What is Massage Therapy?
The practice of massage therapy is the assessment of the soft tissue and joints of the body and the treatment and prevention of physical dysfunction and pain of the soft tissue and joints by manipulation to develop, maintain, rehabilitate or augment physical function or relieve pain. (Massage Therapy Act, 1991)
The College of Massage Therapists of British Columbia ("CMTBC") is the regulatory body for Registered Massage Therapists (RMTs) in the Province. It acts on behalf of all British Columbians to ensure Registered Massage Therapists always deliver safe and effective treatments.
Therefore, only regulated health professionals who have completed the requisite training and have met strict competency requirements of the CMTBC can call themselves “Massage Therapist” or “Registered Massage Therapist.”
An RMT holds Professional Liability Insurance and follows the guidelines set by the governing body.
RMTs in BC are trained in:
- The assessment and diagnosis of soft tissue and joints of the body
- The treatment and prevention of injury, pain and physical disorders
RMTs are dedicated to treating your symptoms of pain and dysfunction, including the underlying causes.
It is widely understood that massage therapy decreases stress and helps control pain. Perhaps less known is the effectiveness of massage therapy in treating deeper structures of the body such as ligaments, bones and joints, fascia, blood vessels, organs and other soft tissues of the body. Massage therapy can provide relief for many common conditions such as:” (MTABC 2012)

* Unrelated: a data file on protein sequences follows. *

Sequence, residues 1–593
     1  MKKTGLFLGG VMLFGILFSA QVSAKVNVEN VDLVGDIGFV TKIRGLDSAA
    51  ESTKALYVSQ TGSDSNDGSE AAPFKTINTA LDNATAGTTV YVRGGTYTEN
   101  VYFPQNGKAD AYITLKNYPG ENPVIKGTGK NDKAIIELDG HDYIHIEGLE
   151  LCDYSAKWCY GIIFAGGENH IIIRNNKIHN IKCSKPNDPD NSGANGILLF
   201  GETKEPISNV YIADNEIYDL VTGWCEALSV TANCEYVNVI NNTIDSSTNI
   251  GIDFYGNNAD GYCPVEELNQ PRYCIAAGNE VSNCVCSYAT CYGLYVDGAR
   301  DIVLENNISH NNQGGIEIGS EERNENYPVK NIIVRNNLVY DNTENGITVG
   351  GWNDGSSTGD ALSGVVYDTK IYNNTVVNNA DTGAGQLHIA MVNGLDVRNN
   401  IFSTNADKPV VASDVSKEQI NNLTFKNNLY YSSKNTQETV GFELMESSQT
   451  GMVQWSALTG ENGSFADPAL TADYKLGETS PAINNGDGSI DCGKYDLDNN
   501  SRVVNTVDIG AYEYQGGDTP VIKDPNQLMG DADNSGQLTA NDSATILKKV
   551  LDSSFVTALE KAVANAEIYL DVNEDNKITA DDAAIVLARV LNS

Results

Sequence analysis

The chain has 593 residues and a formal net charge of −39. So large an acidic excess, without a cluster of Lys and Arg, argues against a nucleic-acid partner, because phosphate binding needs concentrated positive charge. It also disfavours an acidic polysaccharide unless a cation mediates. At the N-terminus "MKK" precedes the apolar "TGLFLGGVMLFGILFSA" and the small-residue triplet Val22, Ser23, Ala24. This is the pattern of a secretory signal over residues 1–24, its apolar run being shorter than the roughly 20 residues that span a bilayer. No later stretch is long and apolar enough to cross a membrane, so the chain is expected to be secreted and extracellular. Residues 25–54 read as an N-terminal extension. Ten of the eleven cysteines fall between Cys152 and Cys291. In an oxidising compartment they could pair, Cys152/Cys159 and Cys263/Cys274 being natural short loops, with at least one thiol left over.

- Migraine headaches
- Low Back Pain
- Stress Release
- Sports injuries
- And many other common conditions related to soft tissue and joint dysfunction
Education and Training
Registered Massage Therapists are among the most educated and highly-trained professionals in their field. To become an RMT in BC students must complete at least 3 years of training at an accredited college.
Standard educational requirements include comprehensive studies in health sciences such as anatomy, physiology, pathology, kinesiology and neuroanatomy. Other studies include clinical sciences such as manual skills, orthopedics, remedial exercise, hydrotherapy and patient education. The management of chronic diseases, injuries and the effects of long-term stress are also studied extensively.
Massage Therapy - A Regulated Health Care Profession
Massage therapy in BC has been a regulated health care profession since 1946 and is legislated by the government under the BC Health Profession Act. In 2001, the Health Professions Council (HPC) accepted a revised scope of practice definition proposed by the College of Massage Therapists of BC (CMTBC), the professions regulatory body. The proposed definition reads:
*for more information on the CMTBC please visit their website at www.cmtbc.bc.ca.